States with ample financial resources but an insufficient number of citizens willing to enlist in their armed forces have employed foreign soldiers since time immemorial. Such non-native soldiers served in Arabia long before British involvement in the region. Aside from Saudi Arabia, the Gulf monarchies have small citizen populations that limit their ability to strengthen their defense sectors with the available pool of citizens. That pool itself is constrained because, as elsewhere in the world, prosperous young men do not find the rigors of military life appealing and have little economic incentive to join. Even though the Gulf is rife with change—from universal male conscription and activist foreign policies to dwindling oil revenues and ballooning defense budgets—basic demographic and political realities dictate that foreign contract soldiers are in the Gulf to stay.

The Politics of Using Contract Soldiers

Employing noncitizen contract soldiers coincides with the political dynamics of the Gulf. The six states on the Gulf Cooperation Council (GCC) are monarchies where, with the partial exception of Kuwait, citizens enjoy scant political rights and have no oversight, let alone say, in military affairs. Gulf monarchies thus benefit politically from using foreign contract soldiers because these soldiers generally have no political interests to pursue and seldom participate in attempts to overthrow the regime. Furthermore, because they tend to have no social links to the native population, the state can deploy them with confidence against citizens in domestic contingencies. Foreign contract soldiers can also be dismissed with no political liability. While citizen-soldiers are expensive to maintain, especially in rich countries, contract soldiers are relatively cheap and there is no social condemnation to deal with should they become casualties in domestic or foreign deployments.

Based on these political dynamics, contract soldiers in the Gulf overwhelmingly fill enlisted positions, that is, most of them are in the lowest ranks. A far smaller proportion of them are noncommissioned officers (NCOs). The number of noncitizens in the regular officer corps, as distinct from short-term appointments, is negligible, as officer status is generally tied to citizenship. Foreign contract soldiers generally serve in all branches of the regular armed forces (army, navy, air force) but their ratio is the highest in the army, the largest service in all GCC military establishments. Certain segments of the coercive apparatus of some Gulf states, however—the National Guard in Kuwait and Saudi Arabia, for instance—are restricted to citizens. Language problems occasionally occur with non-Arabic speakers from the Indian subcontinent, especially if they lack a rudimentary familiarity with English, which is often the main language of officer training, especially if it is led by instructors from the UK or the United States.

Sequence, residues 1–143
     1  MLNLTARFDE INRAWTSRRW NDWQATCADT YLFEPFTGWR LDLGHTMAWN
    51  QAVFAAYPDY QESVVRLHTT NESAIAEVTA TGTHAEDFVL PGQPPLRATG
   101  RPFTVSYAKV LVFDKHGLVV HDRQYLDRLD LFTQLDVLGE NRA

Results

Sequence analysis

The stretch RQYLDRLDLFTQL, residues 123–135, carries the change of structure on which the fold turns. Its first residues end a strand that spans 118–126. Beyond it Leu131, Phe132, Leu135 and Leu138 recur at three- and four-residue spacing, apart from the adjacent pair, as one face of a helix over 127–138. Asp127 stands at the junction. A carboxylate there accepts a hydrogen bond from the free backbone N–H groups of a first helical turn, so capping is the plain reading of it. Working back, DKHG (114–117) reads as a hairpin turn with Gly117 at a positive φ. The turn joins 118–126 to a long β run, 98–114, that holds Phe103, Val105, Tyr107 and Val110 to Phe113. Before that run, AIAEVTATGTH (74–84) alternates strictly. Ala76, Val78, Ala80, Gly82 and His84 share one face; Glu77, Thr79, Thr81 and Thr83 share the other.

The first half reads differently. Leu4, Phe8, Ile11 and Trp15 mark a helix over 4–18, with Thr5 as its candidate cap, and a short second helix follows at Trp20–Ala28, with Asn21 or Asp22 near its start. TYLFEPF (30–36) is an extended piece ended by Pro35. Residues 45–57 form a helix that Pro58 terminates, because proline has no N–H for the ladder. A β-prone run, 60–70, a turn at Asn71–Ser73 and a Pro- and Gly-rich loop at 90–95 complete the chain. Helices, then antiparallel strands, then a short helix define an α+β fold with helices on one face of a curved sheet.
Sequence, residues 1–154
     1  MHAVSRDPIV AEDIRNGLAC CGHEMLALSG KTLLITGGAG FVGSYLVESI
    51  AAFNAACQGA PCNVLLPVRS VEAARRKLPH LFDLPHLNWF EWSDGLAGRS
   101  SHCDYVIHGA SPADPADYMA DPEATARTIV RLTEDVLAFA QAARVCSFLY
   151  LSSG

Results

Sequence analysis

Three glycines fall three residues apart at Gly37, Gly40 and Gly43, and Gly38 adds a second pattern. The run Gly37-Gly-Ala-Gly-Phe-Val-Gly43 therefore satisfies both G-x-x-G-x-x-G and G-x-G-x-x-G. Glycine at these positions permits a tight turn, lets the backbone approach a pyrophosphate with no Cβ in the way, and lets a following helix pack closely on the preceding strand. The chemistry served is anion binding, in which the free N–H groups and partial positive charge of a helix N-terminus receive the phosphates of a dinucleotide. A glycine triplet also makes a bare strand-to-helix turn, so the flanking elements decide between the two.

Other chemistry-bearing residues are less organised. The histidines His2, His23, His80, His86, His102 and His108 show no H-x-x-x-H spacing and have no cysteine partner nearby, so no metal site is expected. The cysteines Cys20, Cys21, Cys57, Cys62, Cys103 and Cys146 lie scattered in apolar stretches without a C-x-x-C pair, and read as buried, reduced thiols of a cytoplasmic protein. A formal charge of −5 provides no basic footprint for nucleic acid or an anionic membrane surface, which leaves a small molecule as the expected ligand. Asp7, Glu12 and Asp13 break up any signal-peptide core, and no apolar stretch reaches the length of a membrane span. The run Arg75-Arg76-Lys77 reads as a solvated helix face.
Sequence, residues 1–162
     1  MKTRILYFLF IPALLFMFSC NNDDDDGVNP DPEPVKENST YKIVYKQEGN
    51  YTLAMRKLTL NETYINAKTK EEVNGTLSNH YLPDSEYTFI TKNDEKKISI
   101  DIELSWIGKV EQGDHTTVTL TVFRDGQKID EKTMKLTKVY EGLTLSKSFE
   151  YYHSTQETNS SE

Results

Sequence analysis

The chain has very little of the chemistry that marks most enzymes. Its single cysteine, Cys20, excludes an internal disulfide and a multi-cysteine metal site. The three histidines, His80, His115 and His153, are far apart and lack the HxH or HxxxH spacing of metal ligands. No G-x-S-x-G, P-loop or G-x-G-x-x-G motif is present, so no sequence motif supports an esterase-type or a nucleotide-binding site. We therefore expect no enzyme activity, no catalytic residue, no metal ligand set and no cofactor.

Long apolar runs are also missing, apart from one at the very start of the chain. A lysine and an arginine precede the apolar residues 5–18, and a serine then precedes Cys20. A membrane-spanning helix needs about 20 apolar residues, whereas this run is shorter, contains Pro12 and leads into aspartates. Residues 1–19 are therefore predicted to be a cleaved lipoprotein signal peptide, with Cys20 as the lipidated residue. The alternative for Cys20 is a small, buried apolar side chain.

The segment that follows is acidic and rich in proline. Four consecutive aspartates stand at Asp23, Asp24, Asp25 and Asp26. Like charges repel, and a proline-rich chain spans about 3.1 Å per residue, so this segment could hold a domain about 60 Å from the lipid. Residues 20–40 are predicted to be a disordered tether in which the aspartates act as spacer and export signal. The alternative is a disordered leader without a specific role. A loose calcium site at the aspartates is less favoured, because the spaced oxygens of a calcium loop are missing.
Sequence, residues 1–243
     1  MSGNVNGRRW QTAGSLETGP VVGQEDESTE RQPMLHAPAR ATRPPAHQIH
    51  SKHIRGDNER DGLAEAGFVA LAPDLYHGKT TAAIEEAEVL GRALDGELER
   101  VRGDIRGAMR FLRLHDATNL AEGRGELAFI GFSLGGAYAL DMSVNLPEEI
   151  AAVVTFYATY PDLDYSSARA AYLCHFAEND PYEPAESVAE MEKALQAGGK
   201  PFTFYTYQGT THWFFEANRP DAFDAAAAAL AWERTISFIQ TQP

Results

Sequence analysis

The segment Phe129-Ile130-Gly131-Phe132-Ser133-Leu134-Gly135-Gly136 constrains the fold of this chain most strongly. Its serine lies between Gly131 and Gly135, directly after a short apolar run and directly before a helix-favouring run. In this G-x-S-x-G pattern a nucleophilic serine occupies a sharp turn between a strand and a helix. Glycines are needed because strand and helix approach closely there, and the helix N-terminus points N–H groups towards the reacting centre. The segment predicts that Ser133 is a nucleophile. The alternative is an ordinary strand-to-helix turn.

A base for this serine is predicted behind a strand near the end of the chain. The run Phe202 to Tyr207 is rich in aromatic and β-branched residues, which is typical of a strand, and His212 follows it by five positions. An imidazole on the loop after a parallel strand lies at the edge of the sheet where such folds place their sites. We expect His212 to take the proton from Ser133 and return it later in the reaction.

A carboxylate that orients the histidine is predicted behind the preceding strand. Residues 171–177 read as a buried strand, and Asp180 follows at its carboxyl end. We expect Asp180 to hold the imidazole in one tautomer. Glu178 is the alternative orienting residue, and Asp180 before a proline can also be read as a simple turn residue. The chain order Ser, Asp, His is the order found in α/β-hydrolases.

Societal labor dynamics, related to demographics, also bear on the use of contract soldiers. The types of tasks that low-skilled contract soldiers discharge mirror the employment landscape of the Gulf states. Just as it is hard to find a citizen of Kuwait, Qatar, or the UAE who is willing to work as a construction laborer, dishwasher, or janitor, it is equally difficult to recruit citizens of prosperous GCC states to fulfill indispensable but unglamorous positions in the armed forces. Not surprisingly, less affluent nationals of Bahrain, Saudi Arabia, and especially Oman cannot afford to be as selective when seeking employment, though even in these countries they tend to steer clear of the dirtiest and most strenuous jobs. In the same vein, among the Gulf armies, only Oman’s military features citizens in virtually all jobs.

Not surprisingly, the highest proportion of foreign contract soldiers serve in the Gulf’s three richest states, Qatar, the UAE, and Kuwait, where few young men have a strong economic incentive to sign up. Although these three countries instituted mandatory military service for male citizens between 2013 and 2017, the role of contract soldiers has changed little. This is not surprising, given that the main reasons for starting conscription was not to replace contract soldiers with citizens. Even though conscription allows these states to build a reserve force and play a more robust role in the defense and security of the region, the dominant justifications were socioeconomic and political, to instill discipline and build character, encourage healthier lifestyles, prepare young men for the labor market, engage the citizenry in the service of their homeland, and deepen patriotism. Conscription, Gulf analyst Kristin Smith Diwan writes, embraces “more robust conceptions of nation, and . . . impose[s] more expansive demands on nationals. . . . The initiation of national service sits squarely at the intersection of regional ambition and national integration.”